Electoral Institutions andElectoral Cycles in Investment Incentives: A Field Experiment on Over 3,000 U.S. Municipalities
Jensen, Nathan, Michael G. Findley, and Daniel L. Nielson. "Electoral Institutions andElectoral Cycles in Investment Incentives: A Field Experiment on Over 3,000 U.S. Municipalities" American Journal of Political Science [.pdf]
Abstract: Through a field experiment and audit study we test how the electoral calendar affects the use of local economic development policies. We explore how electoral timing along with local political institutions and party composition affect local governments’ offers of investment incentives to outside firms. We legally incorporated a consultancy and, on behalf of a real investor in manufacturing, approached roughly 3,000 U.S. municipalities with inquiries. The main experimental results show no greater tendency to offer incentives for investment anticipated prior to than after elections – a null result that is estimated with high precision. Limiting the sample to municipalities that specialize in manufacturing, the relevant subgroup, suggests that election timing matters in this most likely set of locales. Some observational findings include additional evidence on how direct elections of executives and partisanship correlate with incentive offers.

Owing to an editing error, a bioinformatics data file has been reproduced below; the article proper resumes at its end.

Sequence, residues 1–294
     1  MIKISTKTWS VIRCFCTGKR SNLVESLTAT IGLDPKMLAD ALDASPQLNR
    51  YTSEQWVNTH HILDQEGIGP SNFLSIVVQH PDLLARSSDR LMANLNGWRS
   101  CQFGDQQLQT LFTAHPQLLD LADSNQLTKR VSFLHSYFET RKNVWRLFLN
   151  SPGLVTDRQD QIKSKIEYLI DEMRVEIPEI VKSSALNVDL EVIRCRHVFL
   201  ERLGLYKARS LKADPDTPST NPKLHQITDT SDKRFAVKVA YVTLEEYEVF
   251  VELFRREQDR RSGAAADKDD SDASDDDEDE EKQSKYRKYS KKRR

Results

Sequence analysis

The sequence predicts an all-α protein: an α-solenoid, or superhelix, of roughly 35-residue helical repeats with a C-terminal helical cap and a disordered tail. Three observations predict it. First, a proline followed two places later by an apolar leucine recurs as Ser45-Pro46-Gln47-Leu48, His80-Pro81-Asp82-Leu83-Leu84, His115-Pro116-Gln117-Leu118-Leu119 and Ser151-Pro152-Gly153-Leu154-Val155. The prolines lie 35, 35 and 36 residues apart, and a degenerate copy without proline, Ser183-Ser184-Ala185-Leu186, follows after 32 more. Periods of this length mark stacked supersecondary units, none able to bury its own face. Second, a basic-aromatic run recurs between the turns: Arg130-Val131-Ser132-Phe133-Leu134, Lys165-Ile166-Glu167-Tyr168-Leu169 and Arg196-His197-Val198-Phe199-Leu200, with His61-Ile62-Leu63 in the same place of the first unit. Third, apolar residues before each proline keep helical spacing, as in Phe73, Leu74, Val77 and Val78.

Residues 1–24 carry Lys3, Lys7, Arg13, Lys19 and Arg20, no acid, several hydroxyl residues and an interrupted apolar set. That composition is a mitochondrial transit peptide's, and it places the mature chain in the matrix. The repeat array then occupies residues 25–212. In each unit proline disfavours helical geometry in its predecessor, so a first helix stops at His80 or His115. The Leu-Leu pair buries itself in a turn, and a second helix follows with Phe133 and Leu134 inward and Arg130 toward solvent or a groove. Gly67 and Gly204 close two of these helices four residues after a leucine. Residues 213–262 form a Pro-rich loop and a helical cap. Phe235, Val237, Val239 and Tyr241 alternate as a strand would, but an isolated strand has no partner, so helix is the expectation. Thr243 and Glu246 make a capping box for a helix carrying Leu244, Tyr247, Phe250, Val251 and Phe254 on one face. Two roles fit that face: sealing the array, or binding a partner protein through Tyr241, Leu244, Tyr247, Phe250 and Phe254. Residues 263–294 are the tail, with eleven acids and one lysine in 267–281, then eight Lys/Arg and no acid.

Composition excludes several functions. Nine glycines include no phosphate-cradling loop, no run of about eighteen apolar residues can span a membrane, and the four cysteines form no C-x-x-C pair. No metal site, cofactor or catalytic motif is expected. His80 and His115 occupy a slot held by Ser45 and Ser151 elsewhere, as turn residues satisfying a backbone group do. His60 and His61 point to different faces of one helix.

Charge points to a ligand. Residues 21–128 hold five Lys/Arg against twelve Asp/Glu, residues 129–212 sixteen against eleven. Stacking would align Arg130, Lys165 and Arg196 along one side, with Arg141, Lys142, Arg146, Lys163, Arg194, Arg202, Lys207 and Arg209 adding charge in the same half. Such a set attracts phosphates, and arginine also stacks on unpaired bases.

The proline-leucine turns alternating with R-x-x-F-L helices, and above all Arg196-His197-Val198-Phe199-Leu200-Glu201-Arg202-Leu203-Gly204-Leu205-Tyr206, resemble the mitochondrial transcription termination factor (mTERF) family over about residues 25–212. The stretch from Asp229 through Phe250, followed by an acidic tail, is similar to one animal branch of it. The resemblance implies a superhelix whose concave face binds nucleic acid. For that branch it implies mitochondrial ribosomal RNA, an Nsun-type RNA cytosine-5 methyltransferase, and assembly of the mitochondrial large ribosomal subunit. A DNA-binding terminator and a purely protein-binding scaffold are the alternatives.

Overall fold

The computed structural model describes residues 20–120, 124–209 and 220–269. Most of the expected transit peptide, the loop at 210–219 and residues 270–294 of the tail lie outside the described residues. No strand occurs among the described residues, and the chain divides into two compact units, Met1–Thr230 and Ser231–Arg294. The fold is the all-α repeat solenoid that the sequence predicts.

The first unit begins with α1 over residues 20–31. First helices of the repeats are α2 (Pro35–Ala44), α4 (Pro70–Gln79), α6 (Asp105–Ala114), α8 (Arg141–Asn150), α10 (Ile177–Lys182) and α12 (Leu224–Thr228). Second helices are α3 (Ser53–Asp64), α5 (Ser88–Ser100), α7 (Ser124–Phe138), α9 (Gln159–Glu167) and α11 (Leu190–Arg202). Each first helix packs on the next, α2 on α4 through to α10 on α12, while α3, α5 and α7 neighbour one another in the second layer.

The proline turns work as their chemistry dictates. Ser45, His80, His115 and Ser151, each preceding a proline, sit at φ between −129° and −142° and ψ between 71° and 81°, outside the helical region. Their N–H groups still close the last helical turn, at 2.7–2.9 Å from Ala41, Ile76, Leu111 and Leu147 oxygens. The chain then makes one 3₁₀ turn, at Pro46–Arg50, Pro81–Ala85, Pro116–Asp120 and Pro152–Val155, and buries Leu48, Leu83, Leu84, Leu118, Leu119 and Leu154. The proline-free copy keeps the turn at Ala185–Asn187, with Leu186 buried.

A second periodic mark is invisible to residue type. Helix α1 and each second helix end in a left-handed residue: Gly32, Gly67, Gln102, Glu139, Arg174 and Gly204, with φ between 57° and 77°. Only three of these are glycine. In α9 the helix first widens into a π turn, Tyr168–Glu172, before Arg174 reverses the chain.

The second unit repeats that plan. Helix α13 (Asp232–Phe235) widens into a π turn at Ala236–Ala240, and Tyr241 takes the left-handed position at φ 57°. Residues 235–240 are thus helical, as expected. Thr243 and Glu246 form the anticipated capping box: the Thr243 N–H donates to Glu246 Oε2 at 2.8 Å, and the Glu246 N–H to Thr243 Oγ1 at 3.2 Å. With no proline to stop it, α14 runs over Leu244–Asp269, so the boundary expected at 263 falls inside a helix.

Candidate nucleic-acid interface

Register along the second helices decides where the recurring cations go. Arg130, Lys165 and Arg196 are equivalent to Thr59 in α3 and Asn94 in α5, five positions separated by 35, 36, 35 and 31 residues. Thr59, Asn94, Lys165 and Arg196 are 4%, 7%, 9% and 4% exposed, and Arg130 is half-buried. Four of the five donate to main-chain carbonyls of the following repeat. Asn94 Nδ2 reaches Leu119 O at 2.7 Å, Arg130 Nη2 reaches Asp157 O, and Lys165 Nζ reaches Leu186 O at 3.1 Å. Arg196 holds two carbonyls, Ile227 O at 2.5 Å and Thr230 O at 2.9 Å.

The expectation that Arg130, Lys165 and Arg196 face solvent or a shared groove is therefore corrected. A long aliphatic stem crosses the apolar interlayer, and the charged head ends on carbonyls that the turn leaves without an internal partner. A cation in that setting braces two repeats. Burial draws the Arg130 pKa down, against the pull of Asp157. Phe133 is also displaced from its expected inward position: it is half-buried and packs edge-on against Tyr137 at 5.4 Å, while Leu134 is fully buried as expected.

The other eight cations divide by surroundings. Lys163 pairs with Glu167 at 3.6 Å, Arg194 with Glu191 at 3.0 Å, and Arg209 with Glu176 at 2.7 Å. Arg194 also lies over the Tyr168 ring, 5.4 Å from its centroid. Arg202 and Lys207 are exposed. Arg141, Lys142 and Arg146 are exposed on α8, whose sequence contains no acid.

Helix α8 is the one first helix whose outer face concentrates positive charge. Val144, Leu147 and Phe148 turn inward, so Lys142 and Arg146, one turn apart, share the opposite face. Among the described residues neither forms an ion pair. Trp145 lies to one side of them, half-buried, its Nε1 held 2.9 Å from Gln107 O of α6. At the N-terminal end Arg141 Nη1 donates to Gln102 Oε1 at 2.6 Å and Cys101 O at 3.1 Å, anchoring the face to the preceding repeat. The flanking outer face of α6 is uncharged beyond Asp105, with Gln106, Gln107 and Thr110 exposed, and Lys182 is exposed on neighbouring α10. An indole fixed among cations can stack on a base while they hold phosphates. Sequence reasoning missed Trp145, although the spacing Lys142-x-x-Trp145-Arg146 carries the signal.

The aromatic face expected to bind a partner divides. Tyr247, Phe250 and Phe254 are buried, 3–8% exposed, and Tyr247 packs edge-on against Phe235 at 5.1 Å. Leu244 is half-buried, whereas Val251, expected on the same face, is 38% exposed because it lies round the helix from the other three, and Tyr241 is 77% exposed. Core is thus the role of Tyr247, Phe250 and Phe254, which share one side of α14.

Replication Data: [.pdf TBA]
Appendix: [.pdf TBA]